Dramatic fall in malaria deaths show fight against disease can be won – UN

Credit: Roll Back Malaria Partnership (RBM)/Benjamin Schilling l PSI
Roll Back Malaria Partnership (RBM)/Benjamin Schilling l PSI
Credit: Roll Back Malaria Partnership (RBM)/Benjamin Schilling l PSI

Dramatic fall in malaria deaths show fight against disease can be won – UN

A newly-released United Nations health agency report reveals that the number of people dying from malaria globally has fallen dramatically with more and more countries moving towards its elimination, but the findings also note that gains made were at particular risk in Ebola-affected countries.

“We can win the fight against malaria,” said Dr. Margaret Chan, Director-General of the UN World Health Organization, in a press release on the launch of the World Malaria report 2014. “We have the right tools and our defences are working. But we still need to get those tools to a lot more people if we are to make these gains sustainable.”

According to the report, launched in Geneva and London, analysis across sub-Saharan Africa reveals that despite a 43 per cent population increase, fewer people are infected or carry asymptomatic malaria infections every year: the number of people infected fell from 173 million in 2000 to 128 million in 2013.

The report said between 2000 and 2013, access to insecticide-treated bed nets increased substantially. In 2013, almost half of all people at risk of malaria in sub-Saharan Africa had access to such protection, a marked increase from just 3 per cent in 2004.

“And this trend is set to continue, with a record 214 million bed nets scheduled for delivery to endemic countries in Africa by year-end,” WHO said.

Access to accurate malaria diagnostic testing and effective treatment of the life-threatening disease caused by parasites that are transmitted to people through the bites of infected mosquitoes has also significantly improved worldwide, it said.

But the report also noted the Ebola outbreak in the West African countries most affected by the disease has had a devastating impact on malaria treatment and the roll-out of malaria interventions. “In Guinea, Sierra Leone and Liberia…the majority of inpatient health facilities remain closed, while attendance at outpatient facilities is down to a small fraction of rates seen prior to the outbreak.”

Given the intense malaria transmission in the worst-affected countries, which saw an estimated 6.6 million malaria cases and 20,000 malaria deaths in 2013, WHO said it has issued new guidance on temporary measures to control the disease during the Ebola outbreak including administering anti-malarial drugs even when patients have not been tested for malaria.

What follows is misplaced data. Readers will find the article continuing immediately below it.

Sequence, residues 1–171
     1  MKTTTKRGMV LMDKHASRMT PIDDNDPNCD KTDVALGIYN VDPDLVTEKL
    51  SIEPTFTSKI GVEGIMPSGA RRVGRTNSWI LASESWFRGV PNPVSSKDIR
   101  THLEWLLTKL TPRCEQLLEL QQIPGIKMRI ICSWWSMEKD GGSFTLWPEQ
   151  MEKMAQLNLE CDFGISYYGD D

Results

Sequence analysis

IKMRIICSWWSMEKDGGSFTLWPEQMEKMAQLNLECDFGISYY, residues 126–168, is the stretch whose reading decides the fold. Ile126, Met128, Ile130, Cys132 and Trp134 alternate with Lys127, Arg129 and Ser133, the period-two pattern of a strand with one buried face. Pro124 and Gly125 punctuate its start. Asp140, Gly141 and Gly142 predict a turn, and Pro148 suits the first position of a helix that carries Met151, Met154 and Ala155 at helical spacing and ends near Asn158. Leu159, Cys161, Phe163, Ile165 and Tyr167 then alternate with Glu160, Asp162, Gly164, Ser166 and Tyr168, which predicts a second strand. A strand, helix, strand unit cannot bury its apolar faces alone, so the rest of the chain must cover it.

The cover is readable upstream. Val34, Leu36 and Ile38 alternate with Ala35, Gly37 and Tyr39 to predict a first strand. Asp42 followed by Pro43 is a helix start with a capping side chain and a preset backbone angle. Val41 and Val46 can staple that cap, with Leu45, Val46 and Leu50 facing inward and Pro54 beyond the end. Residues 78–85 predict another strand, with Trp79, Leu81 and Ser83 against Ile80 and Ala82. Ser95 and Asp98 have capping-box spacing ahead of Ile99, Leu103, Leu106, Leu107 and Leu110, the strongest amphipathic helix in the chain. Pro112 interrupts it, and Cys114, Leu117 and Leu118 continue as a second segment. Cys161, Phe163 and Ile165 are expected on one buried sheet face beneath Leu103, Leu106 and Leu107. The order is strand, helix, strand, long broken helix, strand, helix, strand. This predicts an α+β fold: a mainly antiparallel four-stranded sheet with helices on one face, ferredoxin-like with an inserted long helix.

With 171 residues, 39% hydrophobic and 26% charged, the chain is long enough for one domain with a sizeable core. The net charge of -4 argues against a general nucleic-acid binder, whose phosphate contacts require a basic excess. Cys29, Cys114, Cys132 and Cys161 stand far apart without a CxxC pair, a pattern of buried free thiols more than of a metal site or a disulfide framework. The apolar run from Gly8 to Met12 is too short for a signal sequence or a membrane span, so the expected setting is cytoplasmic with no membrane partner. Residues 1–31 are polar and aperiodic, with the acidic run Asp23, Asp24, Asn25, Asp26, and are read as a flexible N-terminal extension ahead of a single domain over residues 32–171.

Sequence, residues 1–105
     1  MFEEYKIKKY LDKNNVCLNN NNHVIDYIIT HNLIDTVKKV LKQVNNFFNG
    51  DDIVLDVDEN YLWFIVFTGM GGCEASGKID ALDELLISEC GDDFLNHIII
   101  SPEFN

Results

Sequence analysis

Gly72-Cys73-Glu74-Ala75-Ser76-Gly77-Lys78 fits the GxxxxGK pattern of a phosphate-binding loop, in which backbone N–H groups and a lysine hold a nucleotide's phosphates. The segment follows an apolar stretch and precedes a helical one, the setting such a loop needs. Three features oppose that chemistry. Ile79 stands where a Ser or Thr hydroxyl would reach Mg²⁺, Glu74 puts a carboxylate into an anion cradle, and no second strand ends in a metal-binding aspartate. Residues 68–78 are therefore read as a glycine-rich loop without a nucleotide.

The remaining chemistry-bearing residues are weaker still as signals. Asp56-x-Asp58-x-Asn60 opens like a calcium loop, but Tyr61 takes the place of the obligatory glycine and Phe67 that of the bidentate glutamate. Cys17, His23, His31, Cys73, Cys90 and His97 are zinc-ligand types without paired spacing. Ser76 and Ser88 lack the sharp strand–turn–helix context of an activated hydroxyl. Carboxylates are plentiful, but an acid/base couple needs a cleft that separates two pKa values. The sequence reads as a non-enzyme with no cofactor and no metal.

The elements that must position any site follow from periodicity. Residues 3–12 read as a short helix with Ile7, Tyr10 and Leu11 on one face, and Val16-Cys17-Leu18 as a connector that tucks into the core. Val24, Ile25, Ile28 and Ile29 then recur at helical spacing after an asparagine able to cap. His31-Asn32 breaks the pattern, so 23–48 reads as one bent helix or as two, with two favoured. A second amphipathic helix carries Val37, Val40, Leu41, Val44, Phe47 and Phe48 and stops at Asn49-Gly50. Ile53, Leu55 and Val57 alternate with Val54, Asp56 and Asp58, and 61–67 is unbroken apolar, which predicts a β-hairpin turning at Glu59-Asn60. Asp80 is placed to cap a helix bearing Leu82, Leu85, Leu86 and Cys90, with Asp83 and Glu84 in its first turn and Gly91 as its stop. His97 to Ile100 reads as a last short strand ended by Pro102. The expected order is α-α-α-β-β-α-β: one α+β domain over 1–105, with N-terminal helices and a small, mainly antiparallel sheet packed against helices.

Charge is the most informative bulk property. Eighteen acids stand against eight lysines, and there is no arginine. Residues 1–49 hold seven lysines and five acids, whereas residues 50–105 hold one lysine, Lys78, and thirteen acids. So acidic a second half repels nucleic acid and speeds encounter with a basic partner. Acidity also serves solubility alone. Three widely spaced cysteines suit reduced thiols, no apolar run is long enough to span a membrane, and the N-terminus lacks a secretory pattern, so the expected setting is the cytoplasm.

But globally, an increasing number of countries are moving towards malaria elimination, the report said.

Many regional groups are setting ambitious elimination targets, the most recent being a declaration at the East Asia Summit to eliminate malaria from the Asia-Pacific region by 2030.

In 2013, two countries reported zero indigenous cases for the first time (Azerbaijan and Sri Lanka), and 11 countries succeeded in maintaining zero cases (Argentina, Armenia, Egypt, Georgia, Iraq, Kyrgyzstan, Morocco, Oman, Paraguay, Uzbekistan and Turkmenistan). Another four countries reported fewer than 10 local cases annually (Algeria, Cabo Verde, Costa Rica and El Salvador).

But the report also noted significant challenges and singled out sub-Saharan Africa where one third of households in areas with malaria transmission did not have a single insecticide treated net.

Even though diagnostic testing and treatment have been strengthened, millions of people continue to lack access to these interventions. Progress has also been slow in scaling up preventive therapies for pregnant women, and in adopting recommended preventive therapies for children under five years of age and infants.

While funding to combat malaria has increased threefold since 2005, it is still only around half of the $5.1 billion that is needed if global targets are to be achieved.

Ray Chambers, who has served as the UN Secretary-General's Special Envoy for Malaria since 2007, highlights the remarkable progress made in recent years.

“While staying focused on the work ahead, we should note that the number of children dying from malaria today is markedly less than 8 years ago. The world can expect even greater reductions in malaria cases and mortality by the end of 2015, but any death from malaria remains simply unacceptable,” he was quoted as saying.

Based on an assessment of trends in reported malaria cases, WHO said 64 countries are on track to meet the Millennium Development Goal target of reversing the incidence of malaria.

Some 3.2 billion people in 97 countries and territories are at risk of being infected with malaria, according to WHO. In 2013, there were an estimated 198 million malaria cases worldwide, 82% of which were in the African region. Malaria was responsible for an estimated 584,000 deaths worldwide in 2013, killing an estimated 453,000 children under five years of age.